Enforcement agencies are stepping up enforcement of the EU Cookie Directive. For example, earlier this month, Dave Evans, Group Manager for Business and Industry of the Information Commissioner’s Office (“ICO”) (a UK independent authority charged with enforcing the UK’s implementation of the EU Cookie Directive) stated it is going to dramatically increase enforcement actions against companies that do not comply with the law. The ICO may fine companies up to £500,000 for failing to comply with the UK’s implementation of the EU Cookie Directive, and a company could potentially be fined in multiple countries.
Special Concerns – M&A
If your company is acquiring another company, you should conduct due diligence to determine whether the target company has complied with applicable laws and confirm that the representations, warranties and indemnities adequately cover any damages for breach of these laws.
If a company’s end-goal is acquisition, it should confirm that it complies with all applicable EU member state laws, because the issue of EU Cookie Directive compliance is being reviewed with increased scrutiny during the due diligence process – particularly if the acquirer is a large, multinational corporation. Failure to comply with the EU Cookie Directive could result in anything from increased liability for the target company under the merger agreement to a decreased sale price.
What Must Companies do to Comply with the EU Cookie Directive?
The simple answer is that if a company is required to comply with the EU Cookie Directive, the company must: (1) provide users with some form of clear, comprehensive written notice that they are placing cookies on their computer or other electronic device; and (2) obtain consent from users before placing cookies on the user’s computer.
However, in practice, compliance is very complex. Companies and their legal counsel, must make business and legal decisions about a number of issues, including without limitation the following:
(1) What are the company’s business goals?
(2) What EU member countries’ laws must the company comply with?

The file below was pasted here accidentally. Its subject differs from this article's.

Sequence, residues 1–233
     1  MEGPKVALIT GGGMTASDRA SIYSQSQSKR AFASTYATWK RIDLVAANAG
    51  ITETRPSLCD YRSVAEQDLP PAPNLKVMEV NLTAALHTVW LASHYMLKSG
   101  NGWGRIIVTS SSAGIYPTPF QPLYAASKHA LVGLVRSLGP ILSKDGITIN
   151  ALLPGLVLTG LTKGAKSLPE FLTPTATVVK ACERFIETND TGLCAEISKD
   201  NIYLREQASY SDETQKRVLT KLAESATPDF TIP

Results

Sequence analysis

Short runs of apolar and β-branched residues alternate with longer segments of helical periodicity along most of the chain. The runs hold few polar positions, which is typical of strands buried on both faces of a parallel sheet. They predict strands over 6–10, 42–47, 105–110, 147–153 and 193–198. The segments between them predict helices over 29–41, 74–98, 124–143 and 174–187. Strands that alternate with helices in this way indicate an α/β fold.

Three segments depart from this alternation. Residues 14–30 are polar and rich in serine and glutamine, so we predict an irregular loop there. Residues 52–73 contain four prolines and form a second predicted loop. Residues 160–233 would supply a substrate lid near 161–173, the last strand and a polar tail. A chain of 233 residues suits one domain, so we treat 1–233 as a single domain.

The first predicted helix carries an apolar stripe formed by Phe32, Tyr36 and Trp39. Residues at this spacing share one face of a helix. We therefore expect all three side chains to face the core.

(3) What content to include in the written notice. (This depends on a number of factors, including without limitation: (a) what types of cookies a company uses; (b) how many cookies a company uses; (c) what information a company is collecting by means of the cookies; and (d) how a company is going to use or disclose information obtained by means of the cookies.)
(4) How to present the written notice to users (i.e., via splash screen, tiered notices, etc.). And, if information is being collected via cookies placed on a mobile device, one must particularly consider the format of notice and make sure it is easy for users to view on a small screen.
(5) Whether to notify users about the company’s third party service providers that may place cookies on the users’ computers or other electronic devices.
(6) How to obtain users’ consent (i.e., via browser setting, implied consent, opt-in consent, opt-out consent, etc.).
(7) When to obtain users’ consent (i.e., before a user accesses a web page, before a user may register to use a service, etc.).
(8) What to do if a user does not consent to the placement of the cookies, and whether to treat an opt-out as a permanent opt-out.
(9) When and whether to give updated notice to users and obtain new consent from users if a company changes use of a cookie.
If you have any questions about whether your company must comply with the EU Cookie Directive or how to comply with the EU Cookie Directive, please contact Helen Christakos at email@example.com.